Businesses are moving fast to figure out how to best harness the wealth of consumer’s data and make good commercial use of it. Authorities around the globe are putting together their toolkits to address emerging issues in the data-driven economy.

In this cops and robbers game, it appears clear that businesses are struggling to understand which set of rules may apply to their business models, either because there are multiple laws that could potentially apply or because the rules are indeed not readily foreseeable or clear. Obviously, if the same conduct can be caught from many angles, then there is something wrong that need to be addressed, if that can stifle innovation.

That said, the message for businesses sent by these mushrooming initiatives in Europe and around the world is clear: consumers’ freedom to choose whether or not to allow their data to be transferred to parties intending to use this information in order to generate a profit from it should be and will be protected. Enforcers will tackle conduct that unduly influences consumers’ ability to take informed and free decisions.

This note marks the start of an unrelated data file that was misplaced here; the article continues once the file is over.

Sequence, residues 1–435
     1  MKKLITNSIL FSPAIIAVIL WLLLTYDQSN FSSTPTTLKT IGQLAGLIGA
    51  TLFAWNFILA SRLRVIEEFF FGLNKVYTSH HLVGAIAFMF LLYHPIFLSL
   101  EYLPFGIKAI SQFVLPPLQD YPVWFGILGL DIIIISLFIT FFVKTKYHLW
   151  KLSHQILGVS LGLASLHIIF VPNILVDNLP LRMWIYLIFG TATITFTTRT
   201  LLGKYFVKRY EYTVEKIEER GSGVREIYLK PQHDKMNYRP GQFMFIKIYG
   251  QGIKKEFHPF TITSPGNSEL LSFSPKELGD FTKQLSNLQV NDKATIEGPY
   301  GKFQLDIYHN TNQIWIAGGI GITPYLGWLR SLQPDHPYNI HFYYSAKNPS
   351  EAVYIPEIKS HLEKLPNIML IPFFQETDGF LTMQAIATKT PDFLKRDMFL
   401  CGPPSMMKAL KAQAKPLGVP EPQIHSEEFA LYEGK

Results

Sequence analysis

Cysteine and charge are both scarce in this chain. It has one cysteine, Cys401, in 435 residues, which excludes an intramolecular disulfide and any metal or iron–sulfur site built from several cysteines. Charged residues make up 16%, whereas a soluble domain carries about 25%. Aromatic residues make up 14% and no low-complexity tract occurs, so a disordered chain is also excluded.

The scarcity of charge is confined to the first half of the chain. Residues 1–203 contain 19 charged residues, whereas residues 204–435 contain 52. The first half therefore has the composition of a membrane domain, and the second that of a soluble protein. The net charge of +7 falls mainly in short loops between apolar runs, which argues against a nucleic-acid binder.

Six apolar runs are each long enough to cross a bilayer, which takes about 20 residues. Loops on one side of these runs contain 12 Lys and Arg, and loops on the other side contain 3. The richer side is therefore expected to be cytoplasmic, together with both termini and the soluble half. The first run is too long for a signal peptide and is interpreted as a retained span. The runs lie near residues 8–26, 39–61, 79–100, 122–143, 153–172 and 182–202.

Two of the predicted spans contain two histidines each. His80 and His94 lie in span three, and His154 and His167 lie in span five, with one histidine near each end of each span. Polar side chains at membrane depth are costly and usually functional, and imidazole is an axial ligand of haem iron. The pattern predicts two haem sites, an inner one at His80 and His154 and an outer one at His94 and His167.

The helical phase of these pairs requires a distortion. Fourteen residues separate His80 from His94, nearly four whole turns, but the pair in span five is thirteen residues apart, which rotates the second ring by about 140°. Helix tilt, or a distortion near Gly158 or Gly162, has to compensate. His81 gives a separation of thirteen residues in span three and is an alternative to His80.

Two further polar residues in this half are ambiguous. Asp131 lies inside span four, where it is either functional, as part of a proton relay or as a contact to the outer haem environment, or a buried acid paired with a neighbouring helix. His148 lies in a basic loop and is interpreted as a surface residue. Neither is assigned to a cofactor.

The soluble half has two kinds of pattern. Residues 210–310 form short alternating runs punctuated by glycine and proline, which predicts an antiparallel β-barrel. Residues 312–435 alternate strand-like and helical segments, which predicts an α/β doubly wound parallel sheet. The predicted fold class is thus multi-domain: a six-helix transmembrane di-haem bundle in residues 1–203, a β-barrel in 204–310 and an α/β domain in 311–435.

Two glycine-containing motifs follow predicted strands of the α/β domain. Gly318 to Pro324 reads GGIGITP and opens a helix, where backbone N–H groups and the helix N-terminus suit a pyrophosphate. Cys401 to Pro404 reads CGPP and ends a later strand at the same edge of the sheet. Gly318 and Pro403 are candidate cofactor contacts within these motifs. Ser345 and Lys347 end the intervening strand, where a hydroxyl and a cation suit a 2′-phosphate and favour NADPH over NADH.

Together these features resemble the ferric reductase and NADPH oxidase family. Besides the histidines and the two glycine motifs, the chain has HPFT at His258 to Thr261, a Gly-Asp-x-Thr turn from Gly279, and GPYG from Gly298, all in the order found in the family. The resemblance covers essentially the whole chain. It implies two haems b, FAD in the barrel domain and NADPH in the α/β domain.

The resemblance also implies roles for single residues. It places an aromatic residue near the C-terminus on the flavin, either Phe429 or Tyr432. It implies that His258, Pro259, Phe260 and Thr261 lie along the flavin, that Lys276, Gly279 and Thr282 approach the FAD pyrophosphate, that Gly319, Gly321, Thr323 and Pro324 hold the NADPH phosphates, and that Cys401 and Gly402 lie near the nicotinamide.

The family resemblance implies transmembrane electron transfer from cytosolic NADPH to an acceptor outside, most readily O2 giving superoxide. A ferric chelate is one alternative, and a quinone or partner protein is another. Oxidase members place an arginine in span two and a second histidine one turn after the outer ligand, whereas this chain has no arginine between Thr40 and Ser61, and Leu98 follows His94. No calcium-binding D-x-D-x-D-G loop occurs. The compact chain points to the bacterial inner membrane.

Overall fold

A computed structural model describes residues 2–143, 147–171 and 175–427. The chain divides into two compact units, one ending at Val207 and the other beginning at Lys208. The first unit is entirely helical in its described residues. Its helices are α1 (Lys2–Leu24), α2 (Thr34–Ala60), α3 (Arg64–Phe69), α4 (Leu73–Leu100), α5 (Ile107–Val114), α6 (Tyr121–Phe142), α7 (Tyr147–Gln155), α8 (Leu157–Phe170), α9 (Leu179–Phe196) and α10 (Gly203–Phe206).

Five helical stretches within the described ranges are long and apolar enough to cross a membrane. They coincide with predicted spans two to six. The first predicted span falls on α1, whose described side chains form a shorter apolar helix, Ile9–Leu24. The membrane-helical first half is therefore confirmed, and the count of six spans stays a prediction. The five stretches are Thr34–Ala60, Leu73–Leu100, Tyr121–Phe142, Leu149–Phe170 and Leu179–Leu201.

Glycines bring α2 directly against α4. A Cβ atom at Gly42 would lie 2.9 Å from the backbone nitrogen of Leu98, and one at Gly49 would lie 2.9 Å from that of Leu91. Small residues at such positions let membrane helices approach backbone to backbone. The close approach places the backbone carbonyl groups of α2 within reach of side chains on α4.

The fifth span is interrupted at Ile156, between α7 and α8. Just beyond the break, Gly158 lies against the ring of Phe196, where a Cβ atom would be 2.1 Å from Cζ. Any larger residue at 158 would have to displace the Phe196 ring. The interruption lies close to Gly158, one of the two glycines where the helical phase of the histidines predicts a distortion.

Consumers on Fyre: Influencer Marketing and Recent Reactions of the United States Federal Trade Commission

By Catalina Goanta

Social media disruptions

Silicon Valley continues to change our world. Technology-driven innovations that are disseminated with the help of the Internet have met with great success. This success translates into heaps of followers, as one can see in the case of platforms such as Facebook and Instagram. However, it is the followers themselves who continually affect the purposes of these platforms. A good example in this sense is Youtube; what started out as an alternative channel for the sharing of low-resolution home videos soon became a place where users could actually create their own content professionally. If well-received, this content leads to real Internet phenomena, and eventually become monetized, via direct or indirect advertising. Individuals around the world now have access to their own TV-stations where they can attract funders and actually make a good living out of running their channels.